State schools chief: Districts shouldn’t have to woo voters for improvements
By Carole Carlson email@example.com/302-0949 May 8, 2013 4:36PM
Updated: June 10, 2013 2:16PM
VALPARAISO — School districts shouldn’t be forced to woo taxpayers with political campaigns to improve schools, the state’s top education official said Wednesday.
State Superintendent of Public Instruction Glenda Ritz made the comments the day after voters in seven Hoosier districts voted on measures to raise taxes for their local schools. The referendums were approved in five of the seven, with passage failing by four votes in Boone Township where the district needed money to shore up its general fund. Now, the district in Hebron is facing teacher layoffs.
“It’s a sad state when we have to run full campaigns to run our schools,” said Ritz, the lone Democratic state official.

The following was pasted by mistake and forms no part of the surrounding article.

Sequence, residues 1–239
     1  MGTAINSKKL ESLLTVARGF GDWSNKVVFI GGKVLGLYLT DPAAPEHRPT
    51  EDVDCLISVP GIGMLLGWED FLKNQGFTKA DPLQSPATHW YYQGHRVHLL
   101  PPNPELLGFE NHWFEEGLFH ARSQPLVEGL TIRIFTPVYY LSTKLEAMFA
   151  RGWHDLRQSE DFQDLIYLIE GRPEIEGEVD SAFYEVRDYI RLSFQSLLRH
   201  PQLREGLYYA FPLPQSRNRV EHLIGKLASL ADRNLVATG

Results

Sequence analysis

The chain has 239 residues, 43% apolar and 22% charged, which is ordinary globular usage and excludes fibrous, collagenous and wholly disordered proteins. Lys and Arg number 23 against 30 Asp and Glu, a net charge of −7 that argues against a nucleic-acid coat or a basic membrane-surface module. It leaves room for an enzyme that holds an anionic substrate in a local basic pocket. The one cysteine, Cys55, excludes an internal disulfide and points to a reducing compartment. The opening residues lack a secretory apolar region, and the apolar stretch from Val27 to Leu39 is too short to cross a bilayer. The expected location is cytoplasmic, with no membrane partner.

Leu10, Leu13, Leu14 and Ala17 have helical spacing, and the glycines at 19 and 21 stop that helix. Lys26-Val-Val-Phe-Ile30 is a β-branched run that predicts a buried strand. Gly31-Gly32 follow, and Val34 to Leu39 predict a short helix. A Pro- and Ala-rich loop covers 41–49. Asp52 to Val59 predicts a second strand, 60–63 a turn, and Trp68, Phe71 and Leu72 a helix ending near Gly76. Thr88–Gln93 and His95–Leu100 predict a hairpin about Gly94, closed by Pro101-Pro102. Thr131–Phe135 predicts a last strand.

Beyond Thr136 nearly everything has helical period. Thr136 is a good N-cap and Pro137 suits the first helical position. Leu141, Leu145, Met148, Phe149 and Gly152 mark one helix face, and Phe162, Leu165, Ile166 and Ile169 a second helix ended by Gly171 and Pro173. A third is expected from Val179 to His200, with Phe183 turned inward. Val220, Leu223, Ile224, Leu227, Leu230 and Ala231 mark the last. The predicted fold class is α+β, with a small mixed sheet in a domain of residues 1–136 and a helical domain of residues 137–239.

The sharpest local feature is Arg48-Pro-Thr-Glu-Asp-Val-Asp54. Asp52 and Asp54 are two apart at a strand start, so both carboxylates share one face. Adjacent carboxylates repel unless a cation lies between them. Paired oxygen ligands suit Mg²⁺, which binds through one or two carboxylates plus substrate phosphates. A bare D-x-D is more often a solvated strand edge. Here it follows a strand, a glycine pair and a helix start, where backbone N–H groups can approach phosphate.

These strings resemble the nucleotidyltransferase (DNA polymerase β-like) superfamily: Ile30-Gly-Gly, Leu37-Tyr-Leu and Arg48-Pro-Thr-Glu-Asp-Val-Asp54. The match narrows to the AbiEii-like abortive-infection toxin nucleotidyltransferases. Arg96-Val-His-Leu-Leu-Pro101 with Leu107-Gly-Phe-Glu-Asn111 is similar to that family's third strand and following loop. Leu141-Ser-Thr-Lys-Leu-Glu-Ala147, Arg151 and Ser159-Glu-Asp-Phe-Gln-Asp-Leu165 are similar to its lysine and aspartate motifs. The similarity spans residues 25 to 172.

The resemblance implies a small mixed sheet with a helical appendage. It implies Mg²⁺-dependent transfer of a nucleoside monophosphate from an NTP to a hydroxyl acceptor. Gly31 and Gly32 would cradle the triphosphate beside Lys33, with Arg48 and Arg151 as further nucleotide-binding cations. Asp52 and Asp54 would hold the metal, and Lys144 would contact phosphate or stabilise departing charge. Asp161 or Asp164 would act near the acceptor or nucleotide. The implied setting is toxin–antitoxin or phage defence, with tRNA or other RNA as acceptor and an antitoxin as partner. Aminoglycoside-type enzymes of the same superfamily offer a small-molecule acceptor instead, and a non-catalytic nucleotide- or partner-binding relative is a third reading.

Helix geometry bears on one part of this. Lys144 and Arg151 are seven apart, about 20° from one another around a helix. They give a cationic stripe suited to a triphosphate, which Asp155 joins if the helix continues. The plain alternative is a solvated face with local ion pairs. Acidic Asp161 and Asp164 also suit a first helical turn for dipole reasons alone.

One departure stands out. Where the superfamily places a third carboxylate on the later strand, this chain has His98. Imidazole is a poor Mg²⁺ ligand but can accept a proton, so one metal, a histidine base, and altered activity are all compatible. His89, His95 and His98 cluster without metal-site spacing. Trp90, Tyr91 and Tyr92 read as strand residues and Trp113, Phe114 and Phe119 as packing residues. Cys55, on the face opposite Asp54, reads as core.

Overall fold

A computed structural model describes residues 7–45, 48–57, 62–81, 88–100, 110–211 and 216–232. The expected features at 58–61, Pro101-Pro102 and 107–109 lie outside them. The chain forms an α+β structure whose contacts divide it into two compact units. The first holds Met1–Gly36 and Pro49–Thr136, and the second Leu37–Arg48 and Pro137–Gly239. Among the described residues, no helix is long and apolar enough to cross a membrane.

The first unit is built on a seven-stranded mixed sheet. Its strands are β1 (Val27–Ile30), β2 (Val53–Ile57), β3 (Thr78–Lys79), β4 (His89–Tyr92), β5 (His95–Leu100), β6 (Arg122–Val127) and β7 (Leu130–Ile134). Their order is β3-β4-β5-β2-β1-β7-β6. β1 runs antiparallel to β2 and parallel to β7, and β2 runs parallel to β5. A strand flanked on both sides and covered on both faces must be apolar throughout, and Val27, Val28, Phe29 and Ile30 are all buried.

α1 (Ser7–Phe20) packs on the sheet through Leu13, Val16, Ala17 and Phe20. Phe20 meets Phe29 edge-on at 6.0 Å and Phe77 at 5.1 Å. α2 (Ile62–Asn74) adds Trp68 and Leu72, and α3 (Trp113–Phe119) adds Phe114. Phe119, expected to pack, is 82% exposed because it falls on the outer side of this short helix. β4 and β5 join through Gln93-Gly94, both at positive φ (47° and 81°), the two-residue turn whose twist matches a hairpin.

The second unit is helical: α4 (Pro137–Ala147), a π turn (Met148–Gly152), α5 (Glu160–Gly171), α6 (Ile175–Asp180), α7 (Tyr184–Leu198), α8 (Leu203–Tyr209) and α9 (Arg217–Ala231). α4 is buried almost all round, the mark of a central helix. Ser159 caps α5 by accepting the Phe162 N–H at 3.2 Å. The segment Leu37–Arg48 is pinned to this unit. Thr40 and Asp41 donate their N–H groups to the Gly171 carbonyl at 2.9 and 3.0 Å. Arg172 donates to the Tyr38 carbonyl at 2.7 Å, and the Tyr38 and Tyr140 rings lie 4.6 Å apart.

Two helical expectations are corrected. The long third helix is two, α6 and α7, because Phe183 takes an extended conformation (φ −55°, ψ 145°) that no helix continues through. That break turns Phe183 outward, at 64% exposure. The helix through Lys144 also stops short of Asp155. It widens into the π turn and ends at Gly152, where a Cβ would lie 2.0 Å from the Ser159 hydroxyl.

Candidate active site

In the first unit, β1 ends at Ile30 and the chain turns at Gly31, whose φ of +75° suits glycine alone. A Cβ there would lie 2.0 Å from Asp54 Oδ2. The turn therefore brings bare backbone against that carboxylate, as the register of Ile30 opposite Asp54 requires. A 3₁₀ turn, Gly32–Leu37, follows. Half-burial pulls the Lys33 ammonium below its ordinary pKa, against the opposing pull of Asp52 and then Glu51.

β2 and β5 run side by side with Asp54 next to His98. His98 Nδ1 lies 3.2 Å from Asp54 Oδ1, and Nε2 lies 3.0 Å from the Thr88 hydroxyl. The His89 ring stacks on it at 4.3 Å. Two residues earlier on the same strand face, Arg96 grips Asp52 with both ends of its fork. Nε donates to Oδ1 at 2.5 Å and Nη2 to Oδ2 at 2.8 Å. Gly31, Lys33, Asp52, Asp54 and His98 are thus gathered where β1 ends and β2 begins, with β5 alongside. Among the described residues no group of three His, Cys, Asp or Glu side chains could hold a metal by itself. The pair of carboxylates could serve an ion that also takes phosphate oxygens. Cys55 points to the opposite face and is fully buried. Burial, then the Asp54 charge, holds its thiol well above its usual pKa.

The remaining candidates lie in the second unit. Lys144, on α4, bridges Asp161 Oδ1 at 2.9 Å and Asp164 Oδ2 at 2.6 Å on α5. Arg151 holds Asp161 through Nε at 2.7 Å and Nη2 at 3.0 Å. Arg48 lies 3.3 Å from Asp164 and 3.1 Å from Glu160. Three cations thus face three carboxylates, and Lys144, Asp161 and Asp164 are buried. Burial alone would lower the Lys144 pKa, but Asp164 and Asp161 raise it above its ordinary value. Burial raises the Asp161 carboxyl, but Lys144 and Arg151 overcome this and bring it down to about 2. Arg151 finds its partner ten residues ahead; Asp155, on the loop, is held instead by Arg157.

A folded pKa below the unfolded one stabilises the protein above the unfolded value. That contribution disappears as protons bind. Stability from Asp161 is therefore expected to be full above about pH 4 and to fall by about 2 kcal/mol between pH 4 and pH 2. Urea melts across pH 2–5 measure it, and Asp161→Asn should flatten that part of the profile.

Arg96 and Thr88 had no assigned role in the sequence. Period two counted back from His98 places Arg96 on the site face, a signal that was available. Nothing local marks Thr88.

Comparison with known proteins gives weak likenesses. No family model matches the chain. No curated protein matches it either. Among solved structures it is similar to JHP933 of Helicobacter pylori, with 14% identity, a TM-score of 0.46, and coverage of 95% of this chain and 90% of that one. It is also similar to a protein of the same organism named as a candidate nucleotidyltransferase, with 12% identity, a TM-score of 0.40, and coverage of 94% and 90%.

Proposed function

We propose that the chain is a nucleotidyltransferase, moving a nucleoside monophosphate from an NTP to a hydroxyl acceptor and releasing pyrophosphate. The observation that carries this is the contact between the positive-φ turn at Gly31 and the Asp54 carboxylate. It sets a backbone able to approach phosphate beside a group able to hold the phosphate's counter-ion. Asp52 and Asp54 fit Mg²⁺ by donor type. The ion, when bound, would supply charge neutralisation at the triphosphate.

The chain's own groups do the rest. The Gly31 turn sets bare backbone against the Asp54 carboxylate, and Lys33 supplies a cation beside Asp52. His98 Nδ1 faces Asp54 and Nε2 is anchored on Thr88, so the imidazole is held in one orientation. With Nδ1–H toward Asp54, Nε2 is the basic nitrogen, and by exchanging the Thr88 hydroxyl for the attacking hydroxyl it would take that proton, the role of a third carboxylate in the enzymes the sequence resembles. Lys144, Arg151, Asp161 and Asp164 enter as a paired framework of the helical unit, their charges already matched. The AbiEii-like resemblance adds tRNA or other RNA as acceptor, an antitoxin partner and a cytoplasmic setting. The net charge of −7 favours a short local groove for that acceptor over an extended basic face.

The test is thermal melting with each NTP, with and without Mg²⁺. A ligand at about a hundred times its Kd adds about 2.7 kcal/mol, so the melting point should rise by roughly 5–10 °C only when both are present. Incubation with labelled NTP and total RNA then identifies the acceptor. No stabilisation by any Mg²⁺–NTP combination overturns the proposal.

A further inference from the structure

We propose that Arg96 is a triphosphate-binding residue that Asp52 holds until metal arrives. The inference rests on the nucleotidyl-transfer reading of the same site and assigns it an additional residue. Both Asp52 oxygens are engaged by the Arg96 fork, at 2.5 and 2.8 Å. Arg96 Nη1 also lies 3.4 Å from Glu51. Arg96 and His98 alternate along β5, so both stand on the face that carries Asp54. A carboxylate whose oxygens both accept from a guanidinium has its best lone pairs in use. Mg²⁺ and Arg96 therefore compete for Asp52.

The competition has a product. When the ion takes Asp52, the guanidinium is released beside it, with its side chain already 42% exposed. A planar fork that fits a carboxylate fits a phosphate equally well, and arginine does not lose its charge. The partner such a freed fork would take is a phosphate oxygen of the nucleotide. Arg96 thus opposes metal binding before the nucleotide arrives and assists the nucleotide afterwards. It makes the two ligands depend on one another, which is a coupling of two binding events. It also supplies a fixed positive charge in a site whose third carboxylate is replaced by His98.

Her comments came after a wide-ranging question and answer session with a group of students at the Porter County Career Center.
Locally, general fund referendums were approved Tuesday in the School Town of Munster and the Union Township School Corp. in Porter County.
Speaking about last week’s testing company computer problems that halted online ISTEP+ testing for two days, Ritz said there won’t be a return to paper and pencil tests because the online testing is much cheaper.
She said Indiana has the most students in the nation taking online assessments. All students in grades 3-8 are tested. “That’s a big number on the test at the same time.”
She said some scores might be invalidated because of the online interruptions.
Ritz told the students the reason she ran for office is because of her ardent opposition to the third grade I-READ test which began last year. Student who don’t pass it can be retained a grade.
Ritz wants to dump the test. “A test has never taught anybody to read. It went against everything I believed in as a reading teacher. That got me into the race.”
Ritz upset Republican Tony Bennett, the lone GOP statewide candidate to lose last year.
Ritz also visited the Hammond Area Career Center and met with officials at Valparaiso University.